A relatively high prevalence of this disease due to the simultaneous combination of two major phenomena at a time, i.e. fever and seizure in children, cause severe anxiety in their parents so that sometimes they announced that their children are dying. Followed by observing the first febrile seizure, many parents are afraid and every time their children have fever, it can be disturbing and problematic for them; however, despite what parents think, fortunately, this disease in children is benign and is easily preventable, and rarely causes cerebral injuries. [8],[9]

Informing parents by providing adequate knowledge and awareness regarding fever and seizure and related easy prevention is an important step to decrease concerns and anxiety in them. In a study on 154 parents with children suffering from febrile seizure, Sheringham stated that 54.3% of the trained individuals had an appropriate knowledge and that there was a direct correlation between parents' knowledge and practice. [10] In the study of Flury, 91% of parents had severe anxiety when confronted with febrile seizure, and the intensity of anxiety in untrained subjects was significantly higher than in trained individuals. [11] Parmer, in a study on 140 parents of children with febrile seizure in India, showed that 59.3% of the parents were not aware of this disease and only 20% of them were familiar about the normal level of body temperature that, ultimately, the necessity of education for parents has been emphasized in the study. [12] Given what was mentioned earlier, the present study aimed to review the effect of education on the knowledge, attitude and practice of mothers regarding prevention from febrile seizure in children.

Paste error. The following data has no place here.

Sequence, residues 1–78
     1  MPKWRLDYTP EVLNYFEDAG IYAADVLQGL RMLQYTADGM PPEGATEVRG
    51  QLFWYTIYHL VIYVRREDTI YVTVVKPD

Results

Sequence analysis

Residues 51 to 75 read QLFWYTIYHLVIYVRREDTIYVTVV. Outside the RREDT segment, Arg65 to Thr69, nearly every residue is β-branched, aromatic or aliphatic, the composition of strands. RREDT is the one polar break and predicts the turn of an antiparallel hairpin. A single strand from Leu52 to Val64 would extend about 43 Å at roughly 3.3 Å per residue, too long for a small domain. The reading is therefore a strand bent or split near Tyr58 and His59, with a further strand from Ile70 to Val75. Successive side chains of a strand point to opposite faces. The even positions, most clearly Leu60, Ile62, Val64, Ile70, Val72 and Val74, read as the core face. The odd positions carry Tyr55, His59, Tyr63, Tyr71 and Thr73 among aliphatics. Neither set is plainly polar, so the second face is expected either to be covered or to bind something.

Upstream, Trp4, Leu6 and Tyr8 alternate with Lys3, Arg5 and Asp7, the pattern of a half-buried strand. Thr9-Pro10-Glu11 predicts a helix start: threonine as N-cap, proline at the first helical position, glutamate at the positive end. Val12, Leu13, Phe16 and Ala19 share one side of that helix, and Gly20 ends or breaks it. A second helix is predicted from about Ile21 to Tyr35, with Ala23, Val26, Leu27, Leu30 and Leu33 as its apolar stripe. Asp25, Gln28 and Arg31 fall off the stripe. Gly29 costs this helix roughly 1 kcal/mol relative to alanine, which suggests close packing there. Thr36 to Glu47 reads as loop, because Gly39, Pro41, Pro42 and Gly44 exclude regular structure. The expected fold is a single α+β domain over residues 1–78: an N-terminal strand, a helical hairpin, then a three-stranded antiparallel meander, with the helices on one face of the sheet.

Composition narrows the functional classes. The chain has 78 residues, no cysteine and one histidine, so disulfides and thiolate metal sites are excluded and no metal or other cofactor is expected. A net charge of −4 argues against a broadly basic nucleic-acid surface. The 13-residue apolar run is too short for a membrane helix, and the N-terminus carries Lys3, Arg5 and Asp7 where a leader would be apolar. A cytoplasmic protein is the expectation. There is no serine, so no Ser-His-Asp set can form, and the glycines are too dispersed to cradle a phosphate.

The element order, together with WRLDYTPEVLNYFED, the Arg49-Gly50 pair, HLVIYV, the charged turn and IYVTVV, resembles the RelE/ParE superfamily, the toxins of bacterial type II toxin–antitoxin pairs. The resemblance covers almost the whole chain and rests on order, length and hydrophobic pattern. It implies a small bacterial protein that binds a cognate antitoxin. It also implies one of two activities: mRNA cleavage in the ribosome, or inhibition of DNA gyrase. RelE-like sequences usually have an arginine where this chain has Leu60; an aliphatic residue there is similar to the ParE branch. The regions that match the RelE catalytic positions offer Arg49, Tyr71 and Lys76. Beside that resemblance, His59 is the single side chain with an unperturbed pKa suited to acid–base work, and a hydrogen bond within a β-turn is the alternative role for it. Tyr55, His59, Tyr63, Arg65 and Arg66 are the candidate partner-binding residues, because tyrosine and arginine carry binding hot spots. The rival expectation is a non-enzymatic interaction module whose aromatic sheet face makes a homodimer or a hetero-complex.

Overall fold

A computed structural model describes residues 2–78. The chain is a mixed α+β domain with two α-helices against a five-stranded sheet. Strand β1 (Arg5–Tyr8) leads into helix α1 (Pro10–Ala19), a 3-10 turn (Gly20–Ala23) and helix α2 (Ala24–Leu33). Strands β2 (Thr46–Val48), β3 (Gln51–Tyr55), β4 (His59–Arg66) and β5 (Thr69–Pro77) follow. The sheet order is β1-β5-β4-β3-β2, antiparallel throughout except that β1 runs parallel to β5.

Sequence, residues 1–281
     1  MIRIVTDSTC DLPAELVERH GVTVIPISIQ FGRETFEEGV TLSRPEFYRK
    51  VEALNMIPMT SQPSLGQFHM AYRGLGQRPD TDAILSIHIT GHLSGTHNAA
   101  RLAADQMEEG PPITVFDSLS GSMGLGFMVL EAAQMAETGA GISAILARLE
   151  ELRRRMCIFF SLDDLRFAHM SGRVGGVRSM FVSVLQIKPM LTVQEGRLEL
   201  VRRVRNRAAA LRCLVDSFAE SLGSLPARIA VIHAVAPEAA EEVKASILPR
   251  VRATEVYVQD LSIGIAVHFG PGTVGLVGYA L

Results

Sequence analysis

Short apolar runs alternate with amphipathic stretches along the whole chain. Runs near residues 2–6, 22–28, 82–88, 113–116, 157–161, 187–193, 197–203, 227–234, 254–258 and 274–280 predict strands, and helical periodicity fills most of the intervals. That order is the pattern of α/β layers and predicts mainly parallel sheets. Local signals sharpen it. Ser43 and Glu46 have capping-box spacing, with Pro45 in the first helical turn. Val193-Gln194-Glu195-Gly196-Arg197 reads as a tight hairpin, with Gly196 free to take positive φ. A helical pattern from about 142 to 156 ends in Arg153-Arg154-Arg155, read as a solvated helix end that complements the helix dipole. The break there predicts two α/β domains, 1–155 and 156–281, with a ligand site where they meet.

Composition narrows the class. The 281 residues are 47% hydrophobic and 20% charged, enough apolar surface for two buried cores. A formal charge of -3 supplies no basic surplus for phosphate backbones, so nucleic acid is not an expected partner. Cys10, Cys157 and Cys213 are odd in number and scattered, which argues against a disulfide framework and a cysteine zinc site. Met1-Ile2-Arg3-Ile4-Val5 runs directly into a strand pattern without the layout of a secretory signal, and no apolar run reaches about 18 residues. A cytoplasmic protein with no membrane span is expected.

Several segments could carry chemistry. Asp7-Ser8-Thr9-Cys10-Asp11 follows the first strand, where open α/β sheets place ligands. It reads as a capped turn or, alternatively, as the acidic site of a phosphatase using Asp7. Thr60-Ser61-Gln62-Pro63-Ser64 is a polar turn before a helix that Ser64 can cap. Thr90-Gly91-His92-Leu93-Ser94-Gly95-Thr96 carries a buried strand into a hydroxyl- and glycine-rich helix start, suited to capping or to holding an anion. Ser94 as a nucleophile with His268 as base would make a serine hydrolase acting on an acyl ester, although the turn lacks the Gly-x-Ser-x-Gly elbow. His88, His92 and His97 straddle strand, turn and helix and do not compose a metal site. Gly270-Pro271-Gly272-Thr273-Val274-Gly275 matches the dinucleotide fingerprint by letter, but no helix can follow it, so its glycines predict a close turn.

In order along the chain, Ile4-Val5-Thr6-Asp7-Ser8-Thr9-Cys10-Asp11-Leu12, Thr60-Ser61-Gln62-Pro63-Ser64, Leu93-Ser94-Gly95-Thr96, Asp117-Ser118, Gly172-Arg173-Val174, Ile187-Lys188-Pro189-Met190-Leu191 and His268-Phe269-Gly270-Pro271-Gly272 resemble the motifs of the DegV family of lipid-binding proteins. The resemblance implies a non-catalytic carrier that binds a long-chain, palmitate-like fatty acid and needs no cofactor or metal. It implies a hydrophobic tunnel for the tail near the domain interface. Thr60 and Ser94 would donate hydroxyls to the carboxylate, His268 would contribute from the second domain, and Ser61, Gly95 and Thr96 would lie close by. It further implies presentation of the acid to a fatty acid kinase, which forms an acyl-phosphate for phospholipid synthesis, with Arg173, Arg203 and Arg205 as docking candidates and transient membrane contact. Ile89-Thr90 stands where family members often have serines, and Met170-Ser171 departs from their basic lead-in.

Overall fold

Materials and Methods Top


This study was an experimental and prospective study conducted on mothers with children under 2 years of age referred to the Health Care Centers of Isfahan City in 2009. Eighty-eight study subjects participated in the study quantitatively with calculation of 95% confidence interval and 80% power of test and 10% difference (44 subjects in the intervention group and 44 subjects in the control group).